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Event Recap

Jan 31, 2022

Future of DHS Project identifies the challenges and opportunities to using biometrics at US borders

By Madison Littlepage

The Atlantic Council’s Forward Defense practice explores the potential value for incorporating advanced biometric systems at US points of entry.

Defense Technologies Migration

Read the issue brief

The effective employment of biometric data at US entry points has the potential to cut down on travel times and enhance border security.

Issue Brief

Jan 31, 2022

Biometrics at the border: Balancing security, convenience, and civil liberties

By Seth Stodder, Thomas S. Warrick

Forward Defense nonresident senior fellows Seth Stodder and Tom Warrick consider how US Customs and Border Protection can employ biometrics for safer, more efficient border operations.

Defense Policy Defense Technologies

Please join the Scowcroft Center for Strategy and Security’s Forward Defense practice and its Future of DHS Project for a virtual public event, “Biometrics at the border: Balancing security, convenience, and civil liberties,” on Monday, January 31, 2022, from 2:00 p.m. to 3:30 p.m. EST. To receive the Zoom link, please click the REGISTER button above.

Since 1994, the Department of Homeland Security’s (DHS) Customs and Border Protection (CBP) (formerly US Border Patrol) has collected fingerprints from migrants entering the nation. Today, US and allied border agencies are increasingly recognizing that biometrics—identification through individual characteristics such as fingerprints and facial recognition—can expedite the secure and lawful movement of people and cargo across borders, through airports, and throughout global transportation networks. However, while facial recognition and similar capabilities enable convenience, they also unlock the door to the persistent surveillance routinely seen by China, Russia, and other autocratic nations. To fully adopt biometrics into CBP operations, the US government and an enlightened private sector must balance security and efficiency demands with the need to hedge against privacy concerns. This event, and a forthcoming policy brief on the same topic, will investigate the technological investments that must be made—and safeguards put in place—by CBP to keep pace with growing traffic at US borders.

Tune in for keynote remarks by US CBP deputy commissioner Troy A. Miller, as well as a panel featuring Forward Defense nonresident senior fellow Seth Stodder, author of an upcoming Atlantic Council issue brief on this topic, managing director of Immigration and Cross-Border Policy at the Bipartisan Policy Center Theresa Cardinal Brown, vice president of Border Security Solutions at SAIC Craig McIntire, and former CBP deputy executive assistant commissioner in the Office of Field Operations John Wagner.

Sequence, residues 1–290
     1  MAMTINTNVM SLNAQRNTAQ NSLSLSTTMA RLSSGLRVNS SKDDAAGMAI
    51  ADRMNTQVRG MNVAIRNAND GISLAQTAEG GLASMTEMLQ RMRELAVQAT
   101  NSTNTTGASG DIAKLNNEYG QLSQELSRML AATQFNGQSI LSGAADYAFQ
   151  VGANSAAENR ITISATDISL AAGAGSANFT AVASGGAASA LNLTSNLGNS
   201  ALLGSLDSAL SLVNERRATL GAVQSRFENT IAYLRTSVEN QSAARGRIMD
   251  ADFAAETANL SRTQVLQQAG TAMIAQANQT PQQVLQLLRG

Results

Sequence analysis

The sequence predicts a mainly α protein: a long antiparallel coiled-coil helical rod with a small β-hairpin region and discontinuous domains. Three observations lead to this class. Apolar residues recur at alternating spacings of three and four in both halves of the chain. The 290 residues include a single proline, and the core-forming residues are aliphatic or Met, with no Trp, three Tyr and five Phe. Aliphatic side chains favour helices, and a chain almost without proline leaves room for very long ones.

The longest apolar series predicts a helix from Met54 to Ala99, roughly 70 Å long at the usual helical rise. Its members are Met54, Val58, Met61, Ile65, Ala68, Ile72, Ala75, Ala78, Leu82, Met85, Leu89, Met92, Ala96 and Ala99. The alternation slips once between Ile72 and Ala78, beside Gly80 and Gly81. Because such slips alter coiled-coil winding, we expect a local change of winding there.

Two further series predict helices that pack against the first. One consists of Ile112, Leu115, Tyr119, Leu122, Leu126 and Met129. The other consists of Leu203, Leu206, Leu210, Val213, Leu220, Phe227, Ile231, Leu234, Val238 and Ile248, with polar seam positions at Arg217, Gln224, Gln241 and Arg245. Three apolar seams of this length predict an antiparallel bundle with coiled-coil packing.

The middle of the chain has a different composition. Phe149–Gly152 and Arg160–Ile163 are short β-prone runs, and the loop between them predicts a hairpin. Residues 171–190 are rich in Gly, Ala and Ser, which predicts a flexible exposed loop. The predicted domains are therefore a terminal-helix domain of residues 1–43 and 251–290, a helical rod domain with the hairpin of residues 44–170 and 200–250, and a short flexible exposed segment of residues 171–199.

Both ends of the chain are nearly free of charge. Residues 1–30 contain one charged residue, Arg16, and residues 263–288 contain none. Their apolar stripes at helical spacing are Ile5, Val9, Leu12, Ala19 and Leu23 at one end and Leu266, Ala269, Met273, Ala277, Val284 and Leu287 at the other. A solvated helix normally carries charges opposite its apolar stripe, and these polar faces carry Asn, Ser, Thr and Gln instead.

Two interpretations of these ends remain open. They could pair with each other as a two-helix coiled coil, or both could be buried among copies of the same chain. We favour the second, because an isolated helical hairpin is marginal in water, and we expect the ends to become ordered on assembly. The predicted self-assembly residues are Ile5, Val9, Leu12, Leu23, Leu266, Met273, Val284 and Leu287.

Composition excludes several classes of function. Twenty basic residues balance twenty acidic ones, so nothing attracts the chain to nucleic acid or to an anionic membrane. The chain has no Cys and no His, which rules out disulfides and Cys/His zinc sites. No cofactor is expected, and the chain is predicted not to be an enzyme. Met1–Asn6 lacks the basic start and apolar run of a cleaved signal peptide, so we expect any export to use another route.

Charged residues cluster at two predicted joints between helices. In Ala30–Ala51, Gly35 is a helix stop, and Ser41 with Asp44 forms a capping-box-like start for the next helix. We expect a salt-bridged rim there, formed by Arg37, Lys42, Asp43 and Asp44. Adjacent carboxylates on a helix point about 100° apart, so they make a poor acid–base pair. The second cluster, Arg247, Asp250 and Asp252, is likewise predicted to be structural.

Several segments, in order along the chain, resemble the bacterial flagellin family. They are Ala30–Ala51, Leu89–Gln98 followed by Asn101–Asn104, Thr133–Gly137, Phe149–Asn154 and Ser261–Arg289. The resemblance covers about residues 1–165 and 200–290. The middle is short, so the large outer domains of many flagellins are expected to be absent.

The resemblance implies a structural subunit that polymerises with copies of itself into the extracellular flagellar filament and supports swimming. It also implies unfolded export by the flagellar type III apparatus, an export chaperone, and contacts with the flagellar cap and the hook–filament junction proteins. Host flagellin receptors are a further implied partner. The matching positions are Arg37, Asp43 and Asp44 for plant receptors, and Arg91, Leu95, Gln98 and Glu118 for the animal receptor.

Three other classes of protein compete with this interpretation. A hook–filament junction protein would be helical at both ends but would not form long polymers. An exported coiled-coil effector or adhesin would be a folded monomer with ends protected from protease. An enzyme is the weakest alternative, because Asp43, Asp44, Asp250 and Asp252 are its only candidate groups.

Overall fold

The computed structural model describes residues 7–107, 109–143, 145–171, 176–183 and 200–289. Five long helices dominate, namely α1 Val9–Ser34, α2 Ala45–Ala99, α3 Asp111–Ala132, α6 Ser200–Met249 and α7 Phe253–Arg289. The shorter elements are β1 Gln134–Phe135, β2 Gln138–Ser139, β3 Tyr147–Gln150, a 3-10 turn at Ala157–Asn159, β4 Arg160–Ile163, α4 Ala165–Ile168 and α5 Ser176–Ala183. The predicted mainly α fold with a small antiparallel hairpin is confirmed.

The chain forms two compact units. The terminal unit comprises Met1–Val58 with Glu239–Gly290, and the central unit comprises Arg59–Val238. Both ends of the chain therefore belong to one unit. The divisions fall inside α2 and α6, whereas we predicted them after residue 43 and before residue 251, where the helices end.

We hope you can join us for what promises to be an important and timely discussion. To receive the virtual Zoom link, please register by completing the registration form below.

Generously supported by


Welcome remarks by

Keynote remarks by

Troy A. Miller

Deputy Commissioner, Customs and Border Protection, US Department of Homeland Security

A panel featuring

Theresa Cardinal Brown

Managing Director, Immigration and Cross-Border Policy
Bipartisan Policy Center

Craig McIntire

Vice President, DHS, CBP, and TSA Border Security Solutions

Seth Stodder

Nonresident Senior Fellow, Forward Defense, Scowcroft Center for Strategy and Security Atlantic Council

John P. Wagner

Former Deputy Executive Assistant Commissioner, Office of Field Operations, Customs and Border Protection
US Department of Homeland Security

Moderated by

Forward Defense, housed within the Scowcroft Center for Strategy and Security, generates ideas and connects stakeholders in the defense ecosystem to promote an enduring military advantage for the United States, its allies, and partners. Our work identifies the defense strategies, capabilities, and resources the United States needs to deter and, if necessary, prevail in future conflict.